Built along the Davenport escarpment, Hillcrest — also known, somewhat confusingly, as both Wychwood and Bracondale Hill, and not to be confused with Hillcrest Village in what used to be North York — holds several unique pieces of Toronto history. Taddle Creek, the stream that once flowed through the city before it was buried, is still visible in the Hillcrest neighbourhood. And the small enclave of Wychwood Park remains one of the very few parts of the city that’s still considered a private community.
Wychwood Park also holds the distinction of having been originally founded as an artists’ colony, while the rest of the Hillcrest neighbourhood was originally founded by a lawyer and Anglican. While the community — today bordered by St. Clair Avenue on the north, Oakwood Avenue on the west, Davenport Road on the south and Bathurst Street on the east — has mostly overcome its divided roots, that diversity still shows up, especially in the multicultural melange along St. Clair and in the mixture of houses and residents in the neighbourhood. The population contains a large number of artists — especially since the development of the Wychwood Barns artists’ complex — as well as academics, professionals and families.
The hilly terrain lends the neighbourhood streets a unique look and character, while the buildings — many built in the early part of the last century — range from large, detached homes to smaller, more modest, homes and, in more recent years, a number of apartment and condominium developments. Wychwood Park, in particular, although it only contains about 60 houses, is a fascinating mixture of artists’ cottages and palatial mansions. Wychwood Park was designated as an Ontario Heritage Conservation district in 1985.
History and Social Profile
Hillcrest was originally settled by Robert Turner, a barrister who emigrated from England in 1833, where he eventually became referee of titles and accountant-general of the Court of Chancery at Osgoode Hall. He purchased a large piece of land around Davenport Road, and proceeded to build an estate on Davenport Hill — perhaps, in part, because of diseases like typhus that were rife in the city itself; the atmosphere on the Hill was regarded as being much healthier. Part of the estate was a Georgian-style home that Turner called Bracondale Hill.
By the 1880s, a small village, known as Bracondale Village, had sprung up on the edges of the Turner estate. Frank Turner, Robert’s son, became the first postmaster of the village. In 1909, the village became part of the city of Toronto, and the Turner family opted to sell much of their land, creating an exclusive new subdivision on their estate that they christened Bracondale Hill Park. The family maintained control of the original house until 1937, when they sold it to the city, which demolished the house as part of developing what is now Hillcrest Park.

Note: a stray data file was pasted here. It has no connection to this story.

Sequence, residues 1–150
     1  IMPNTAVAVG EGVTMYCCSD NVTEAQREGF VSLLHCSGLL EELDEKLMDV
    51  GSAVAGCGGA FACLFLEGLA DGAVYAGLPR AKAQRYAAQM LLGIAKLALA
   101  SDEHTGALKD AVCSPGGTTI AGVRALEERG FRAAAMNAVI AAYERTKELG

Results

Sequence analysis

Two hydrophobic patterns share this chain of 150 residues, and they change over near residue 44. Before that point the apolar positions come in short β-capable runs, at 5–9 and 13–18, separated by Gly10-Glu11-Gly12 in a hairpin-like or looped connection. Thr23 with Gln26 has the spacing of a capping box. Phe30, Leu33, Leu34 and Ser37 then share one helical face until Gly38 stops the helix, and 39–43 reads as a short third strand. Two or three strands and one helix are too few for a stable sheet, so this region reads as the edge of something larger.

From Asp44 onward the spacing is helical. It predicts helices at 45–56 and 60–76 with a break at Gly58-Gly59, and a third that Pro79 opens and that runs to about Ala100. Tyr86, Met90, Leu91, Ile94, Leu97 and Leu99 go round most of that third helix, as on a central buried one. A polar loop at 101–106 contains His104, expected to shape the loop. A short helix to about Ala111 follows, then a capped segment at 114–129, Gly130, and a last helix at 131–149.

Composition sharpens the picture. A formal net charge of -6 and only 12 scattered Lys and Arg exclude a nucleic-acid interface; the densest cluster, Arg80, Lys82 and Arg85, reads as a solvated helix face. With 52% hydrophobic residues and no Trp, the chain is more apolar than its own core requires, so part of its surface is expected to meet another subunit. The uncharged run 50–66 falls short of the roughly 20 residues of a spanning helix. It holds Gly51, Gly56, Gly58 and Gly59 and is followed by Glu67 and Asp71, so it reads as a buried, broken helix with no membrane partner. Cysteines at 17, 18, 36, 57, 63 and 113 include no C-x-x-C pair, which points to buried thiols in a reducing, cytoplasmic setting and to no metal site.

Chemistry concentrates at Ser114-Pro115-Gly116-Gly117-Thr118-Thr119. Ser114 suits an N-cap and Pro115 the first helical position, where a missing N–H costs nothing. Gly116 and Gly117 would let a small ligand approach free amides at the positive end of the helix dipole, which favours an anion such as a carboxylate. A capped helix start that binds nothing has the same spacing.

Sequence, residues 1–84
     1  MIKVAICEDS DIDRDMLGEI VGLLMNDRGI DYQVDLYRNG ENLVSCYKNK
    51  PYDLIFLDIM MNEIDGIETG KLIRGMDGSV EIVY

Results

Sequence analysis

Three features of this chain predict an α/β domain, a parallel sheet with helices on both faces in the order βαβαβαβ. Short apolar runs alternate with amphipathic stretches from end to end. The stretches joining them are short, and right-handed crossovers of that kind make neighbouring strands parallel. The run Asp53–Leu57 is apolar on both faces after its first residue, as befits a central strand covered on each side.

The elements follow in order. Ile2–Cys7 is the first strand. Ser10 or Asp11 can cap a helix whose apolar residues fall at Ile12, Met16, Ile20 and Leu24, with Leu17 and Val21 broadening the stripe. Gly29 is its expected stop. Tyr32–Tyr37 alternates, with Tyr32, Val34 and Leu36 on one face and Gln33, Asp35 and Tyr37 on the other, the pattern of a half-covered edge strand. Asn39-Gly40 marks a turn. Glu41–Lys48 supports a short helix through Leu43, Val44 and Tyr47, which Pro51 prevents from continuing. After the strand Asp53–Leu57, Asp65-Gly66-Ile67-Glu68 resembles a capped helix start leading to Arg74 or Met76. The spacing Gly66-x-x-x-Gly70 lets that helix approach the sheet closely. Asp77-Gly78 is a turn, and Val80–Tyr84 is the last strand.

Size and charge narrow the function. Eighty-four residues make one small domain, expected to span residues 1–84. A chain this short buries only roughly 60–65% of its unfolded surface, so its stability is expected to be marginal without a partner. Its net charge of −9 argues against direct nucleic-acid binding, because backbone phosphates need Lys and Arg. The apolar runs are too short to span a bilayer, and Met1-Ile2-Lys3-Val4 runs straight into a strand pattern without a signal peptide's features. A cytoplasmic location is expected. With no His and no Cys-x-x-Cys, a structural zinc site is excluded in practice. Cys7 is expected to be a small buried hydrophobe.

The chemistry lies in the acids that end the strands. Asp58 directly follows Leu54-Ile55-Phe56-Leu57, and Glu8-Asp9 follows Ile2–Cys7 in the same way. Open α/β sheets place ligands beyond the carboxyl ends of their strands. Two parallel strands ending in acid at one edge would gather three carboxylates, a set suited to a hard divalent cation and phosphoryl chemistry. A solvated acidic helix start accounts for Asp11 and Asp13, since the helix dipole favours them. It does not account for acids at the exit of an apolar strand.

Wychwood Park, nestled in the south-east corner of Hillcrest at the intersection of Bathurst and Davenport, has its own unique story.
The neighbourhood within the neighbourhood was originally an artists’ colony established by landscape painter Marmaduke Matthews in the 1870s, and named after Wychwood Forest in Matthews’ British homeland. Matthews built the first house in the new community in 1874. The second was built in 1877 by his friend and fellow artist Alexander Jardin. Many of the houses were designed by prominent architects Arthur Edwin Whatmough and Eden Smith. The community was designed around a park with a ravine running through the neighbourhood and Taddle Creek was dammed to created a pond in the the middle of the park. Today, Wychwood Park is one of the few parts of the city where Taddle Creek runs above ground.
Wychwood Park officially became part of Toronto in 1909, but it officially is still a private community. Streets and amenities are paid for by local residents, and the community is actually managed by an executive council. This has contributed to the neighbourhood becoming a rather exclusive and upscale enclave within the city. Past residents include media theorist Marshall McLuhan and his psychologist neighbour Anatol Rapoport.
Hillcrest residents are able to enjoy the advantages of the Davenport escarpment and its abundant trees and foliage, as well as Hillcrest Park itself, which offers a playground and four tennis courts. St. Clair Avenue and Ossington Avenue afford a diverse cultural mix of restaurants and shopping.
But one of the neighbourhood’s biggest and most recent attractions is the Wychwood Barns. Formerly a streetcar maintenance facility for the Toronto Transit Commission, the area was opened at the end of 2008 as a community park and mixed-use facility, offering artist housing and studios, a greenhouse, a farmer’s market, a beach volleyball court and office space for a number of local community groups.
- Atlas One Café
- The Rushton
- The Stockyards
- Universal Grill
- Ferro Bar and Café
- St. Clair West Station
- Dupont Station
- Christie Station
Buses and streetcars run along Davenport, St. Clair, Christie and Bathurst, and the Ossington bus continues north along Oakwood.
- Hillcrest Community School, 44 Hilton Avenue, 416-393-9700
- Winona Drive Senior Public School, 101 Winona Drive, 416-393-1680
- Oakwood Collegiate Institute, 991 St. Clair Avenue West, 416-393-1780
- Central Technical School, 725 Bathurst Street, 416-393-0060
- Central Commerce Collegiate Institute, 570 Shaw Street, 416-393-0030